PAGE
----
If our education system was a learning one, we wouldn’t have to read articles like this. How did Australia get this way? What’s the solution?  Can we afford to carry on the way we do?

Malcolm should listen to the video; if he is really concerned with the education of our children.   If you should check out the larger Cathcart blog, you will find some other interesting topics in the side-band….

How school makes kids less intelligent.

Success at School vs Success in life

Kids can’t answer basic questions .

You don’t legally have to go to school.

5 reasons why Finland is Global Education Leader.

The Factory of Success – Why school is a waste of time.

A factory Education.

School Myths Exposed.

Are you bad at school because you got an ‘F’?

The Dark Intentions of Public School.

What’s Education for?

10 things students did to pass exams.

Why School Makes Us Stupid

‘If you’ve ever thought school sucks, is a waste of time, or the education system is stupid, then this video is for you.’


__________________________________

Phil Cullen   The Treehorn Express

Disbobedient Teaching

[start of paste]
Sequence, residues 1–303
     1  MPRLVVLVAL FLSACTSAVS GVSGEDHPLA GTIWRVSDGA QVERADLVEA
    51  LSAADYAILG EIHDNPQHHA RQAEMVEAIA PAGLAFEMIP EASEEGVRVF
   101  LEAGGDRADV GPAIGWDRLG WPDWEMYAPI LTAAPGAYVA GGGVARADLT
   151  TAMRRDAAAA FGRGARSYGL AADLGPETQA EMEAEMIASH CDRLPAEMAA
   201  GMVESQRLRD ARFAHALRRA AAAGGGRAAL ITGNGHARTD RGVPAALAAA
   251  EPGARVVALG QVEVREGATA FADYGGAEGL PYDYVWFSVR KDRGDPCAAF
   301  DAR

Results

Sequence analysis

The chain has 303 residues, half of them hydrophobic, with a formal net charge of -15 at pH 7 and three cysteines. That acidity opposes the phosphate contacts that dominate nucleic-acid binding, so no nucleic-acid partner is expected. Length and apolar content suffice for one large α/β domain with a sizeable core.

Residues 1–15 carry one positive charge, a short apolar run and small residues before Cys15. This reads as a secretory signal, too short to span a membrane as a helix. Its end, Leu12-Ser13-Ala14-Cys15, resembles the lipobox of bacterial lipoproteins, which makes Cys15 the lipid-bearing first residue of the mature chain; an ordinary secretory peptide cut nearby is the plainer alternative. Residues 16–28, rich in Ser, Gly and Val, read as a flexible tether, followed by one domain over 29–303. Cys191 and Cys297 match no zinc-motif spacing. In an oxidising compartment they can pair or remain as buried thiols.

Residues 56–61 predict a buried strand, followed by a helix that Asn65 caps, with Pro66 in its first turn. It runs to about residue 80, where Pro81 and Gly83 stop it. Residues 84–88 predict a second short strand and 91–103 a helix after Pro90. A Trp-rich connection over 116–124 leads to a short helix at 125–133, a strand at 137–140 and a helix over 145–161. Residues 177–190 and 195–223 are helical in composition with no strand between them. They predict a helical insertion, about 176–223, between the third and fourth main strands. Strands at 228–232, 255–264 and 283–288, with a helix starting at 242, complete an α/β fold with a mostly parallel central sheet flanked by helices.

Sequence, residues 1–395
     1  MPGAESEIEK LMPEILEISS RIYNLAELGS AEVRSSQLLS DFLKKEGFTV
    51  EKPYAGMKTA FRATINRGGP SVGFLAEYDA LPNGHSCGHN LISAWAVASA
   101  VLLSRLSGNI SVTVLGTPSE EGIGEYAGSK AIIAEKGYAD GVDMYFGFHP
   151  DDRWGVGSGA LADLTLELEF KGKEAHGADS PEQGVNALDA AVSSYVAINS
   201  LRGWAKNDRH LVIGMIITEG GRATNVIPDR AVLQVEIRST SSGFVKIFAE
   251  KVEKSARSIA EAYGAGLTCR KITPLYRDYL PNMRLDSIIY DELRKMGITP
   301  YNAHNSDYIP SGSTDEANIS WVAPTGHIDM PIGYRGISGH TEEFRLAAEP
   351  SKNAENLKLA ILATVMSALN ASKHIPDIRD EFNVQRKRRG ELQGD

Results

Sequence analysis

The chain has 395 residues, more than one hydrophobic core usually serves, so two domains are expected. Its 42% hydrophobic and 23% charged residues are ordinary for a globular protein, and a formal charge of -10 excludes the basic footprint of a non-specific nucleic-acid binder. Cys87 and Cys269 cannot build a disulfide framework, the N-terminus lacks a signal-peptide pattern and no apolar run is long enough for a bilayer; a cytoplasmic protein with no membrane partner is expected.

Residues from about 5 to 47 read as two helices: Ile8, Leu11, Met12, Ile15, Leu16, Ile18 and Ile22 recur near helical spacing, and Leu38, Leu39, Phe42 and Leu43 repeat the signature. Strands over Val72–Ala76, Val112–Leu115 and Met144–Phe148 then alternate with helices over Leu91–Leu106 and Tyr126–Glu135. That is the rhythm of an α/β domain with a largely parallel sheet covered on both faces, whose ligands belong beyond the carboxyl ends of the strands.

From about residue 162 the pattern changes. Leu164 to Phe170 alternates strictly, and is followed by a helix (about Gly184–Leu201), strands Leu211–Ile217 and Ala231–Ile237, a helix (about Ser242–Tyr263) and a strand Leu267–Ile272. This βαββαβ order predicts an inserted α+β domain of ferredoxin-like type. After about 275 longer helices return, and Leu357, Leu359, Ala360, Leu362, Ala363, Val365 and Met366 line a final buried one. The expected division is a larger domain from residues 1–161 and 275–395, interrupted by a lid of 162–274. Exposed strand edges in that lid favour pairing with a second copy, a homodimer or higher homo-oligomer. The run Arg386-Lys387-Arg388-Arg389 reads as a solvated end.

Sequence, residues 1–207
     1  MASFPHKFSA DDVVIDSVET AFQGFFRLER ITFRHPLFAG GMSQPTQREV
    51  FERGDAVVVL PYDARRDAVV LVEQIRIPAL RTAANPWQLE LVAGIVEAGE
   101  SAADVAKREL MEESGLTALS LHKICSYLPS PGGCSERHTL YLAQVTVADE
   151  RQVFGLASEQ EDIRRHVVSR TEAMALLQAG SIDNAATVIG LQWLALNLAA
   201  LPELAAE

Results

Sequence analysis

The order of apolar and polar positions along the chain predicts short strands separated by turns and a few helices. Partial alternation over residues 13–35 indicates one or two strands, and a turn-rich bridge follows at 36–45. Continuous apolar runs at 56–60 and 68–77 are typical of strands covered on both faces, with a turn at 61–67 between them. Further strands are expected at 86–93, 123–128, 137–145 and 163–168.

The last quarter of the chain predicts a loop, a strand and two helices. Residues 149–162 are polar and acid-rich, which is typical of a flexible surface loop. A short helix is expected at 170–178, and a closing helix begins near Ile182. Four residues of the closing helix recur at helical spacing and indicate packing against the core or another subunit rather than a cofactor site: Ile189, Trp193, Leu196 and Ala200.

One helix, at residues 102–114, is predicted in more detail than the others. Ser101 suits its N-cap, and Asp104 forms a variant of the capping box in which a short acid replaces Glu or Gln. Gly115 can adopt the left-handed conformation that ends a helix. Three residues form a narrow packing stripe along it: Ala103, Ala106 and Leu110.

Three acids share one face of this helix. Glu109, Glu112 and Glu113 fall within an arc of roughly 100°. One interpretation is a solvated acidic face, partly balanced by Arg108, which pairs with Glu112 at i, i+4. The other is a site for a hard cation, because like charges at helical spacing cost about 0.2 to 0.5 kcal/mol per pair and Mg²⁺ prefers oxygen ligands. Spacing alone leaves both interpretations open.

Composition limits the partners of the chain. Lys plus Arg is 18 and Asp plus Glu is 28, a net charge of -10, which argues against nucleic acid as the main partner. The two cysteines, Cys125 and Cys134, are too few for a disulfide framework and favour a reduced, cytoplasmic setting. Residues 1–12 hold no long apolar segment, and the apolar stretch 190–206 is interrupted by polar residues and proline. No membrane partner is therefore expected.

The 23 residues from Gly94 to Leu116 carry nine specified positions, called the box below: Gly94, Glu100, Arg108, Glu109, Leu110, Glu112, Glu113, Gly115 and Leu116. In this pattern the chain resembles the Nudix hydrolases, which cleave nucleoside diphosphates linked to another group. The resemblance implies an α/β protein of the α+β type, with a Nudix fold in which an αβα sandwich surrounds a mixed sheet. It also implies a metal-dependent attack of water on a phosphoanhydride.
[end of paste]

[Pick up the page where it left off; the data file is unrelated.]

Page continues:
Disbobedient Teaching

Surviving and creating change in education

Welby Ings

This book is about disobedience. Positive disobedience. Disobedience as a kind of professional behaviour. It shows how teachers can survive and even influence an education system that does staggering damage to potential. More importantly it is an arm around the shoulder of disobedient teachers who transform people’s lives, not by climbing promotion ladders but by operating at the grassroots. Disobedient Teaching tells stories from the chalk face. Some are funny and some are heartbreaking, but they all happen in New Zealand schools. This book says you can reform things in a system that has become obsessed with assessment and tick-box reporting. It shows how the essence of what makes a great teacher is the ability to change educational practices that have been shaped by anxiety, ritual and convention. Disobedient Teaching argues the transformative power of teachers who think and act.

Author Welby Ings is a professor in design at Auckland University of Technology. He is an elected Fellow of the British Royal Society of Arts and a consultant to many international organisations on issues of creativity and learning. He is also an award-winning academic, designer, filmmaker and playwright. But until the age of 15 Welby could neither read nor write. He was considered ‘slow’ at school and he was eventually expelled. Later he was suspended from teachers’ college. Welby has taught at all levels of the New Zealand education system and remains an outspoken critic of the education system’s ‘obsession’ with assessing performance. In 2001 he was awarded the Prime Minister’s inaugural Supreme Award for Tertiary Teaching Excellence.

Otago University Press

Paperback
ISBN 978-1-927322-66-6
RRP $35.00